Nerve growth factor increases electrical activity of neural cells derived from murine bone marrow stromal cells.

OBJECTIVE: Nerve growth factor (NGF) triggers long-term neuronal excitability. We examined its effect on murine bone marrow stromal cells (BMSC)-derived neurons.

METHODS: With an optimal differentiation protocol, BMSCs were differentiated into neurons in culture. To confirm the probability of differentiation of BMSC into neuron, the expression of neuronal marker protein, neurofilament, was examined by immunocytochemistry. To examine the electrophysiological properties of BMSC-derived neurons, the field potentials were recorded either from nontreated (control) BMSC-derived neurons or from BMSC-derived neurons after the treatment with NGF by using extracellular recording techniques.

RESULTS: Most BMSC-derived neurons showed spontaneous discharges whose amplitudes were up to 2 mV. When NGF at a concentration of 100 ng/ml was applied to BMSC-derived neurons, the amplitudes of discrete field potentials were gradually enlarged within 1 min after NGF application and peaked 3 min later (20-fold the size of control). However, the enlargement of the amplitudes of field potentials almost disappeared 5 min after NGF application.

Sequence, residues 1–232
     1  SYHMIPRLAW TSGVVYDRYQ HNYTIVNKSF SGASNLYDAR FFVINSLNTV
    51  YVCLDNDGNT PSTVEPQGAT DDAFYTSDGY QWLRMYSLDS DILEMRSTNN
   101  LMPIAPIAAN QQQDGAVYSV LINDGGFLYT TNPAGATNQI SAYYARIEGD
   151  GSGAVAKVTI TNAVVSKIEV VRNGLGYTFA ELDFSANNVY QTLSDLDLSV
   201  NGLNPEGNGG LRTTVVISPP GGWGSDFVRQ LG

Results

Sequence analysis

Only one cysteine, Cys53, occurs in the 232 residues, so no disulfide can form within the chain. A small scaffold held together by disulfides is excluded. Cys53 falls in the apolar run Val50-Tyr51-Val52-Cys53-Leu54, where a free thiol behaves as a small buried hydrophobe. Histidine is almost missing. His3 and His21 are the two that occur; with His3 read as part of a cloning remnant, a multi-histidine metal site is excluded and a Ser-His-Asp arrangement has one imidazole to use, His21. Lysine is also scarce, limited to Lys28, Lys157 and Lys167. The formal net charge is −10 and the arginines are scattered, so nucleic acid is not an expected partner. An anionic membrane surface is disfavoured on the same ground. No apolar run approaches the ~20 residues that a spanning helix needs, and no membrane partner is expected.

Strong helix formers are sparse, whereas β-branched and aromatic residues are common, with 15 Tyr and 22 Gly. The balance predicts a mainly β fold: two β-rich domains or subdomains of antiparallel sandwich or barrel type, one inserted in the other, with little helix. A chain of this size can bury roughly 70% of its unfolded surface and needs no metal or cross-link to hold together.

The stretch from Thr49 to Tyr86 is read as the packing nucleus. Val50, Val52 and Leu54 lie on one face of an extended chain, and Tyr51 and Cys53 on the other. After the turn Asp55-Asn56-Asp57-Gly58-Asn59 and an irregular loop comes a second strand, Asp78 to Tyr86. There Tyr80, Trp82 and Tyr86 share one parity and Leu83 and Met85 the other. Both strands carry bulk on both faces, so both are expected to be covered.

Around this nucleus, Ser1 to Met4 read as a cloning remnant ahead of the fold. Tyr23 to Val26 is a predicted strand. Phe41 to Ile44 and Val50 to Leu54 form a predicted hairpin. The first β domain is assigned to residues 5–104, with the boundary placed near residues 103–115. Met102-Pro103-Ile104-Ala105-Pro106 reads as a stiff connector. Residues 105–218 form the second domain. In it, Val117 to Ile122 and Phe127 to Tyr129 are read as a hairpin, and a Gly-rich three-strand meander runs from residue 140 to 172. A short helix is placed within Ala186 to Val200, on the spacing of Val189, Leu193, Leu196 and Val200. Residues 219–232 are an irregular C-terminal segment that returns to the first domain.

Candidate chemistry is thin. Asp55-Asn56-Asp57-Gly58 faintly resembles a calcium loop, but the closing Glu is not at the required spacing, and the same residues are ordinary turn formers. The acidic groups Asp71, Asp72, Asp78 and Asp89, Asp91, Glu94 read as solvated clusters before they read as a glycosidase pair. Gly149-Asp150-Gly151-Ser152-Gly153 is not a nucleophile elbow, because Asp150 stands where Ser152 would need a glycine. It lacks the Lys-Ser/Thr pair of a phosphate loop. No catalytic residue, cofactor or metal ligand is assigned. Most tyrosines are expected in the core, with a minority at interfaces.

CONCLUSION: This finding indicates that neuronal cells derived from murine BMSCs generate discrete field potential activities spontaneously and that NGF has the effect of enlarging transient, but not sustained, electrical activity of BMSC-derived neurons.

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